I'm not sure of the numbers, but the T could use existing vehicles and the electrification would probably be cheaper over all than new diesel vehicles. I'd bet an FTA grant could be had for electrification too. In a place like the Boston (or at the T), once you do it wrong, it stays wrong.

> Arborway- Normally I am all about LRT, but... the arborway is different.

It is different, but not any more so than say, Girard St in Philly.

> Did the Philly and toronto lines establish their LRT in the middle of a busy,

> narrow business district.

Yes, Girard St (Rt 15) in Philly. Actually only idiosyncracies of the Philly planning process are preventing the 59th street section from being finished.

> While these problems can be over come with good planning and design (can this be

> done in Boston? ;) ),

I concede this one ;-)

> when it comes down to it, I don't think the arborway should be a priority project.

It was agreed to and ordered and we cant just say, "Oh, other things have come up"

> There are a lot of other areas in Boston that need rail transit more than JP, ie

> Somerville, Dorchester, Mattapan, Roxbury, Urban Ring, etc.

Well, I'd be all about extending streetcar service from Arborway to Roslindale then down to Mattapan and linking up with the Mattapan "High Speed" line. In fact, My company is getting a quote from VHB to do a feasibility study on just that and we are considering "donating it" to the people of Mattapan and HydePark as a publicity stunt come spring.

I watch ridership on the buses down Cummins Hwy and up Hyde Park Ave and Washington streets and they are well used, I'd bet it would shoot way up with LRT. I can think of four areas off the top of my head that would be high volume stops, Roslindale Square, Cummins and Hyde Park Ave, Cemetery Plaza, and Mattapan Square. But it would all require a good link to Longwood and Forest Hills.

Not to mention really boosting the shopping in those areas. Lets face it, people wont ride a bus to go to a cute shopping area no matter how cute, but they will ride a streetcar.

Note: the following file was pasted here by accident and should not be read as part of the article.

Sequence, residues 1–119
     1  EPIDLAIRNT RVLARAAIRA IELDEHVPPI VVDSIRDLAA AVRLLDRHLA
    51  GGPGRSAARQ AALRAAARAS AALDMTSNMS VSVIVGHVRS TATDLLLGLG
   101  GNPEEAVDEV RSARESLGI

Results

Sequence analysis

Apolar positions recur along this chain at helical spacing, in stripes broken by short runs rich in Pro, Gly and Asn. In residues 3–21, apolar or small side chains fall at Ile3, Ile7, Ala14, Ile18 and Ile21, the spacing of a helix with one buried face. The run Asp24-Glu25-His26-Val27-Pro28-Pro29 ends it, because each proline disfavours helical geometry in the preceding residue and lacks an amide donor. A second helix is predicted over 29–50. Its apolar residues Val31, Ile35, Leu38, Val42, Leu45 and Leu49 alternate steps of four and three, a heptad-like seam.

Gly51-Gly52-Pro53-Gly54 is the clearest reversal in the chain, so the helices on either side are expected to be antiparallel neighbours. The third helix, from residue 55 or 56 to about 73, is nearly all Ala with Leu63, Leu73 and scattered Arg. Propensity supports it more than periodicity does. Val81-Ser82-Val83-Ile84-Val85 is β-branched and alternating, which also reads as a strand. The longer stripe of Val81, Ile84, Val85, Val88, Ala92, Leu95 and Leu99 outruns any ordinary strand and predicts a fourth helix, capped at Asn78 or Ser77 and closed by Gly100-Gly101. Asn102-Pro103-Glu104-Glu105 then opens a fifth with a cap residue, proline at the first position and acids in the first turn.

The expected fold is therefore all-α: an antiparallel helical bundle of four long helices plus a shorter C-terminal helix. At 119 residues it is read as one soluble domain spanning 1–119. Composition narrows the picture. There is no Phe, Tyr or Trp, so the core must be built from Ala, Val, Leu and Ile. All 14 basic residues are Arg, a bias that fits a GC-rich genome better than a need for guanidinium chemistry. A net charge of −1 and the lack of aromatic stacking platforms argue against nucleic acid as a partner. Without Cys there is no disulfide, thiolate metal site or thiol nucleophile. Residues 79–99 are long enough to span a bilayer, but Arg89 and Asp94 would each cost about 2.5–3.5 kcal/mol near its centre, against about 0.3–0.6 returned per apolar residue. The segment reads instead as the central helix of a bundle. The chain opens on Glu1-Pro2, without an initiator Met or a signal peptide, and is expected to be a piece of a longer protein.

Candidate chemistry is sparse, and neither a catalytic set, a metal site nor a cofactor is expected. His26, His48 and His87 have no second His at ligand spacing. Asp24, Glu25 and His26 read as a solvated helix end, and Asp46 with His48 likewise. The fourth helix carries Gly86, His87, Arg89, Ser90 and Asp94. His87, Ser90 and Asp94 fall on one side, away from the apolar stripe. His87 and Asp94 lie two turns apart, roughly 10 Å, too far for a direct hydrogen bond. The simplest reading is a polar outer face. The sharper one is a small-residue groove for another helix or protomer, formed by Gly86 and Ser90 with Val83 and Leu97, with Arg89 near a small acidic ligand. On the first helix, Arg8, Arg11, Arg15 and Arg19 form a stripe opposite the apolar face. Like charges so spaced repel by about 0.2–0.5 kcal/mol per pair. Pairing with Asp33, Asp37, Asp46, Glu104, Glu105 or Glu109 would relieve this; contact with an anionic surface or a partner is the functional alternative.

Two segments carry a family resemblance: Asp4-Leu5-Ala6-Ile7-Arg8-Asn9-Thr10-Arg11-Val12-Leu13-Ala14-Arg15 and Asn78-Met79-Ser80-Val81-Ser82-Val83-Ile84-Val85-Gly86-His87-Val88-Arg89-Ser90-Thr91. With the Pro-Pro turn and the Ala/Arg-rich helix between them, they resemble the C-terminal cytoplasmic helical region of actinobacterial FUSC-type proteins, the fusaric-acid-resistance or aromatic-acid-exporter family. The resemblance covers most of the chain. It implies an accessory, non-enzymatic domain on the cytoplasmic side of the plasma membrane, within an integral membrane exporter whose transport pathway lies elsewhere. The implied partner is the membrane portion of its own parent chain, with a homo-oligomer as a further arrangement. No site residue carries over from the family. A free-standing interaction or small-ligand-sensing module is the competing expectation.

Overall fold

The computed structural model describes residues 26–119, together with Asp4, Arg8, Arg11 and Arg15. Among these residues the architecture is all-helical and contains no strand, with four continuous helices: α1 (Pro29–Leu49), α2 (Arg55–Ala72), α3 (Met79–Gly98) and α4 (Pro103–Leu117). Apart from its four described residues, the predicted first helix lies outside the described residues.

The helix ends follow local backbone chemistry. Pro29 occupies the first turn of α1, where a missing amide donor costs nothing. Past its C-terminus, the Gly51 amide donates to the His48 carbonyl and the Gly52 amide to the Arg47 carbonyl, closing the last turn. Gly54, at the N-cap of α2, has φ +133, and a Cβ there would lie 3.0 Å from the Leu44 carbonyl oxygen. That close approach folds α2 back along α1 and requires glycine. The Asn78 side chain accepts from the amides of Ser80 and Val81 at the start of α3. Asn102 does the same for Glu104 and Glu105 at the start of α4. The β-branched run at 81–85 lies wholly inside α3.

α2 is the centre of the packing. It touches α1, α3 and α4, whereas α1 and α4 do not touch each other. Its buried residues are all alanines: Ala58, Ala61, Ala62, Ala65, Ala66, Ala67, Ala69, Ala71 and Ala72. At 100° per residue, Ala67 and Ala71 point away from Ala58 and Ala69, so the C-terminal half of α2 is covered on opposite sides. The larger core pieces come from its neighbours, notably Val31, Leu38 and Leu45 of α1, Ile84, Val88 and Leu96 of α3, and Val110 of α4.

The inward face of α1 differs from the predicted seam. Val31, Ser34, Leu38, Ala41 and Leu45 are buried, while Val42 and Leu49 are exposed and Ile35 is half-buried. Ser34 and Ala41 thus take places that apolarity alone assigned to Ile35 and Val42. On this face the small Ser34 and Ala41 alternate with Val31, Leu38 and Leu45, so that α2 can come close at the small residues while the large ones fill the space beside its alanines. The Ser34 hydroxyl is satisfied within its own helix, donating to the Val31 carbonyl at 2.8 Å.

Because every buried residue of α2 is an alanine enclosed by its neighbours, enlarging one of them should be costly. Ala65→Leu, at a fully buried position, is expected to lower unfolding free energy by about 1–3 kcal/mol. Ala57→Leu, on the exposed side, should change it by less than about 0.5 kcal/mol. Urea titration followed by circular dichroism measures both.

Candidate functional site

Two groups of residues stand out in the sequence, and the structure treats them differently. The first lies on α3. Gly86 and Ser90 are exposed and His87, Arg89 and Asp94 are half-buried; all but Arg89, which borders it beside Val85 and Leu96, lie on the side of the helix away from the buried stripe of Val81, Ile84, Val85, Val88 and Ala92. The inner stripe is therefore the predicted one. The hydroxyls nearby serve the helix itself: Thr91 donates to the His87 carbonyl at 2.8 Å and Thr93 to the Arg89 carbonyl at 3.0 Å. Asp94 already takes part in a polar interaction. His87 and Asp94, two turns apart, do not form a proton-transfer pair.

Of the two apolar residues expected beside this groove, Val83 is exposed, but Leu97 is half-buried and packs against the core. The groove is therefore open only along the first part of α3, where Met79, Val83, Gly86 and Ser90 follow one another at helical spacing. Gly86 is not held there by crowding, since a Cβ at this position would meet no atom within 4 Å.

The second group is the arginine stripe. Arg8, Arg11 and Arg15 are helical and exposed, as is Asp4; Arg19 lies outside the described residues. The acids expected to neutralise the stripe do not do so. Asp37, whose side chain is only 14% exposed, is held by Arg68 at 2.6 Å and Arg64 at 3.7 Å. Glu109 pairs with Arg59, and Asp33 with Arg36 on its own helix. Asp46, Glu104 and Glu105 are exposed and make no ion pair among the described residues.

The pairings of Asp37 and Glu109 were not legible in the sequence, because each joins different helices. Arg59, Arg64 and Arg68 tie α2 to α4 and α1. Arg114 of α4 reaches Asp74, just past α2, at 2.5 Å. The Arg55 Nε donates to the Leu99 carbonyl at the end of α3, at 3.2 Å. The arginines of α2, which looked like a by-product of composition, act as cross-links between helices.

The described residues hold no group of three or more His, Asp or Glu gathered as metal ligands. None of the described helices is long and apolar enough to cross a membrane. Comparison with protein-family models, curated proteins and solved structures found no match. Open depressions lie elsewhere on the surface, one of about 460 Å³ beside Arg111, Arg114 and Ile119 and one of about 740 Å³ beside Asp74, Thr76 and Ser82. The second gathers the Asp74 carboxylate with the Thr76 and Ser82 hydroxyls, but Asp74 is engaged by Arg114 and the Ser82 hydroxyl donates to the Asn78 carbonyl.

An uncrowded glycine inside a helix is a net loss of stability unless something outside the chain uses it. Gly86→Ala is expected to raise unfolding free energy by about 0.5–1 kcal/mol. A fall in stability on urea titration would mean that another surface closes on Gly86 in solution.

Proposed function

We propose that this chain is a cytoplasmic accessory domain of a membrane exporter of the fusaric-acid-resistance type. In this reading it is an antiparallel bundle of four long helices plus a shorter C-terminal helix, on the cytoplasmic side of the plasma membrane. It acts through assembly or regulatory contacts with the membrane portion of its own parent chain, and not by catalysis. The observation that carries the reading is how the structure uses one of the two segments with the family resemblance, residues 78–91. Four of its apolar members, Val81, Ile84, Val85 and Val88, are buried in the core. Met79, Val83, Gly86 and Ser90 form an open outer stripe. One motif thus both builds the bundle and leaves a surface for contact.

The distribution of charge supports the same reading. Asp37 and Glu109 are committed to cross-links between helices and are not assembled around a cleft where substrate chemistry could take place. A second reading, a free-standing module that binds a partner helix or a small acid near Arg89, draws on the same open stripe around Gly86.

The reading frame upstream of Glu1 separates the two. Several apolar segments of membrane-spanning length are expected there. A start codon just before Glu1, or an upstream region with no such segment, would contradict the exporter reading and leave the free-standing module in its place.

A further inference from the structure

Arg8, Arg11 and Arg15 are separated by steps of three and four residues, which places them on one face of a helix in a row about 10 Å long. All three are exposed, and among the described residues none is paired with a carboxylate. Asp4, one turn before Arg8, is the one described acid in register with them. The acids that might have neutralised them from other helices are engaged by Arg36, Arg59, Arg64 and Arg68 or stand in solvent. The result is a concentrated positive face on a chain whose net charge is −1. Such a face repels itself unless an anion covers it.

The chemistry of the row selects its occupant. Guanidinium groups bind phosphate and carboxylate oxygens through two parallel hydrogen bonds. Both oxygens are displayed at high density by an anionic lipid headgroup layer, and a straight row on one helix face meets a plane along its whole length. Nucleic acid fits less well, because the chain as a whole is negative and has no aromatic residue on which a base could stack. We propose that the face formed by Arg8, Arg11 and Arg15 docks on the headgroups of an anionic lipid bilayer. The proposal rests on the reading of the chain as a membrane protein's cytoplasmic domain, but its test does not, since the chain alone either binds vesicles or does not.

And one item in terms of planning; there is NO need for silly platforms on Center St or super expensive "low platform" Breda LRVs. Philly has upgraded their workhorse Kawasaki LRVs and good old PCCs with wheel chair lifts. They just stop at the cross walks and "kneel" like a bus would.

:

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I'm not sure of the numbers, but the T could use existing vehicles and the electrification would probably be cheaper over all than new diesel vehicles.  I'd bet an FTA grant could be had for electrification too.  In a place like the Boston (or at the T), once you do it wrong, it stays wrong. 

<{POST_SNAPBACK}>

The Old Colony and Worcester lines should be electrified anyway, do Fairmount at the same time (and NB/FR) and the economy of scale saves money. Old Colony was rebuilt with future eletrification in mind. The NEC is already electrified due to Amtrak. Extensions into South County in Rhode Island should use electric trains to increase speed and reduce headways.

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> It is different, but not any more so than say, Girard St in Philly.

Any where I can find some info on this?

>> when it comes down to it, I don't think the arborway should be a priority project.

>It was agreed to and ordered and we cant just say, "Oh, other things have come up"

I hate to break it to you, but the DEP and MBTA are trying to let this project fade into the sunset. It has gotten big resistance from the business community along the route and I would be shocked to see these agencies try to impose the extension on them without coming to some sort of agreement on a plan.

When it comes down to it, I would love an extension of the LRT and it would be cool as well to send it down Hyde Park ave, but I don't think anyones has the proper political capital to do it right. Way to many activists in JP, all trying to make their mark.

As for the Urban ring, Phase 3 is LRT or Heavy rail from Assembly Sq to Dudley. Unless the Silver Line by some miracle suceeds :lol: , I can't see the MBTA getting away with selling another BRT system to the public, especially because some powerful interests will demand better service (ie, Fenway park, Longwood, Kendal)